17 September 2011

Elron and employment

Given my interest in belief systems - particularly legal and scholarly reception of religion and parapsychology - I've been reading the Fair Work Ombudsman's 88 page report [PDF] on employment aspects of Scientology.

The latter is the cult founded by L Ron Hubbard and featuring delights such as Xenu, who supposedly shipped billions of people to Earth some 75 million years ago, parked them around volcanoes and killed them using hydrogen bombs (their spirits remaining to haunt our contemporaries unless dispelled through application of a substantial payment to the uber-Scientologists in return for a form of spiritual cleansing).

The Ombudsman is a Commonwealth government agency established as part of the national workplace regulation reforms, an area of interest given my teaching employment law. Yesterday it released the findings of a lengthy investigation into allegations regarding the employment practices of the Church of Scientology (CoS). That investigation did not address the facticity of Scientology's beliefs. It was more restricted, exploring whether the CoS is bound to apply minimum working conditions under the Fair Work Act 2009 (Cth), awards or agreements (and whether the CoS is required to keep certain time and wage records as part of that regime). As importantly, the Ombudsman considered whether people working for the church are employees and whether they have been receiving benefits to which they are entitled under the Fair Work Act, awards or agreements.

The Ombudsman has characterised CoS entities which engage in trading activities as constitutional corporations for the purposes of the Fair Work Act and its predecessor legislation. It has gone to state that -
• some allegations raised by some witnesses fall outside the statutory time limit for consideration or cannot be sustained and are therefore unable to be pursued,
• it will continue to investigate allegations raised by one witness which relates to an entity known as Get off Drugs Naturally,
• it will refer to other relevant authorities allegations made against the CoS which fall outside its jurisdiction, and
• it will request that the CoS and its related entities conduct a comprehensive self-audit to ensure compliance with the Fair Work Act – and if employees are found to have been underpaid, for those underpayments to be rectified.
That self-audit should prudently be conducted at the earliest opportunity using a consultant that the Ombudsman approves and who has no connection to the church. The consultant should be briefed to -
• review the procedures for the engagement of workers and to properly determine the applicable Modern Award and National Employment Standards for each individual,
• review the status of existing employees to ensure they are receiving their lawful entitlements,
• recommend the introduction of changes to record-keeping and issuing of play slips and the Fair Work Information Statement to ensure compliance with the Fair Work Act, and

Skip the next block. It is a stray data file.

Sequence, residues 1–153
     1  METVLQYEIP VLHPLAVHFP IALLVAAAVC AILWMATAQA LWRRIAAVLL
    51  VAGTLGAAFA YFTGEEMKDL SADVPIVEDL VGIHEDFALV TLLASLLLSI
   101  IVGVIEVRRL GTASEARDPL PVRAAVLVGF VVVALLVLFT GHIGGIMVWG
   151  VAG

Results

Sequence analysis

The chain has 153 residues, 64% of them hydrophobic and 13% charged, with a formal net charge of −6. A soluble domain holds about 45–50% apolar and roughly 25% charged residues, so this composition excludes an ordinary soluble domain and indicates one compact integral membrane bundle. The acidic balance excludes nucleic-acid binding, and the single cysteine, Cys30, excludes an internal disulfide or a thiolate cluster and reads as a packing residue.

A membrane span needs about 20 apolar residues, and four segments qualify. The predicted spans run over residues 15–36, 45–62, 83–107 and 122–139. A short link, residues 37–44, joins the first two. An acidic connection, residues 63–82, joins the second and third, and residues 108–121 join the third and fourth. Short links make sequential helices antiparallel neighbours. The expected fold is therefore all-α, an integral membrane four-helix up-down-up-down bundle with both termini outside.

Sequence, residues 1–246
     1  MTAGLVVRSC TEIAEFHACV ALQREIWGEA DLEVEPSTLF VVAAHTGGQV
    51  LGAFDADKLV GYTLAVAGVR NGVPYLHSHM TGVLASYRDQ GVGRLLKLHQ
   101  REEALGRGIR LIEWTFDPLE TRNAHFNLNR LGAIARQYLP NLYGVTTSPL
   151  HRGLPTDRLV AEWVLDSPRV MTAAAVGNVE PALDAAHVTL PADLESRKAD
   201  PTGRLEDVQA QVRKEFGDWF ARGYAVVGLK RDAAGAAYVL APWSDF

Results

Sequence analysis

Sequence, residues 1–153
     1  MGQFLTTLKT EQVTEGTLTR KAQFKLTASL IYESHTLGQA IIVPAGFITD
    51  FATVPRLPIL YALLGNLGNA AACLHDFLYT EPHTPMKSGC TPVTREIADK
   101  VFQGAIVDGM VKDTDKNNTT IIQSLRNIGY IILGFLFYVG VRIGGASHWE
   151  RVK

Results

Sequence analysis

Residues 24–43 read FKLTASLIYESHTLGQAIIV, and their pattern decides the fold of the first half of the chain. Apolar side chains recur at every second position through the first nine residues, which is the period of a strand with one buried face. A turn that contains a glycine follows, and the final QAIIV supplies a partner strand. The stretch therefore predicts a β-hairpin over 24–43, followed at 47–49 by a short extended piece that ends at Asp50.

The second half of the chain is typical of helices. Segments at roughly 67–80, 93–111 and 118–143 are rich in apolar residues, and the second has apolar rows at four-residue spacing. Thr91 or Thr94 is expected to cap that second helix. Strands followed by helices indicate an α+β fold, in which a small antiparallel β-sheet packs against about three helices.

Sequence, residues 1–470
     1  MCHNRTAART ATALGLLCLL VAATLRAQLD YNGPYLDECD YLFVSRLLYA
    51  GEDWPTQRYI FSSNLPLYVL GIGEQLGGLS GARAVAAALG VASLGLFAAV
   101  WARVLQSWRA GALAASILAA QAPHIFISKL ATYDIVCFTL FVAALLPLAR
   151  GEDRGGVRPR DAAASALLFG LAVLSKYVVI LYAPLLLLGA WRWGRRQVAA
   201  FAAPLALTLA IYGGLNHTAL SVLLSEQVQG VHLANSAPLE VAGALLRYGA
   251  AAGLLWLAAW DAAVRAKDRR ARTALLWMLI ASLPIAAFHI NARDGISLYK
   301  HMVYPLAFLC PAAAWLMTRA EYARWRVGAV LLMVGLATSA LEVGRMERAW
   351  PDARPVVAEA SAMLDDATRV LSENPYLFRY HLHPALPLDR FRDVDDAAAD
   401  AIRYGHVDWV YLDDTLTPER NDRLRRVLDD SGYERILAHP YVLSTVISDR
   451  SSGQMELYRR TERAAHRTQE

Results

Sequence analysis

• recommend a framework to the Church which enables the identification of relevant legislation relating to all employee entitlements, such as long service leave.
That review reflects the formal Finding that the Ombudsman "considered, but was not persuaded, by submissions from the CoS that the Fair Work Act did not apply because the church 'is a religious entity ... and there isn’t any worker relationship or employer relationship'", given that documents and policies examined by Fair Work inspectors during the investigation "plainly contradicted" the CoS assertion.

The Ombudsman characterised the CoS as a "bureaucratised organisation" which "appears to have imported practices and procedures into Australia with little thought to workplace relations laws". A consequence of that indifference is arguably that -
Witnesses told the Fair Work Ombudsman they were directed to work up to 72 hours without a break to complete tasks assigned to them for as little as $10 a week at a time when the Federal Minimum Wage for a full-time adult before shift and weekend penalties was $543.78 for a 38-hour week.
Several features of the arrangements within the CoS entities were not consistent with volunteer or voluntary work and "a significant level of control and direction was applied to workers by more senior church members who held positions of authority".

The Ombudsman went on to comment that -
the complaints that have been investigated, and the receipt of further complaints, is indicative of systemic problems relating to the way labour has been obtained by the CoS and which has caused these arrangements to be the subject of external criticism.

At the very least, the volume of complaints should alert the CoS that there needs to be a change to the current practices relating to how they recruited and are receiving free labour from their followers, should they hope to reduce the number of complaints into the future.

Equally, the Fair Work Ombudsman offers advice to persons giving their labour for free to any religious organisation that they should be mindful of their intentions in doing so and to the extent possible, protect their own interests and immediately withdraw their labour if they perceive that their relationship ceases to be truly voluntary.

In many instances, the witnesses provided considerable free labour to the CoS over a period of several years where they either knew or ought to have known that they were unlikely to be paid for that work from an early stage.
In time-honoured bureaucratic tradition, the Ombudsman notes that -
Some claimed the use of unconscionable tactics by the CoS designed to retain their commitment. The Fair Work Ombudsman makes no findings in respect of those allegations, but advises that if workers providing services to religious or any other organisation consider that they are being subjected to intimidation or other illegal pressure to continue to provide their labour, they should contact police.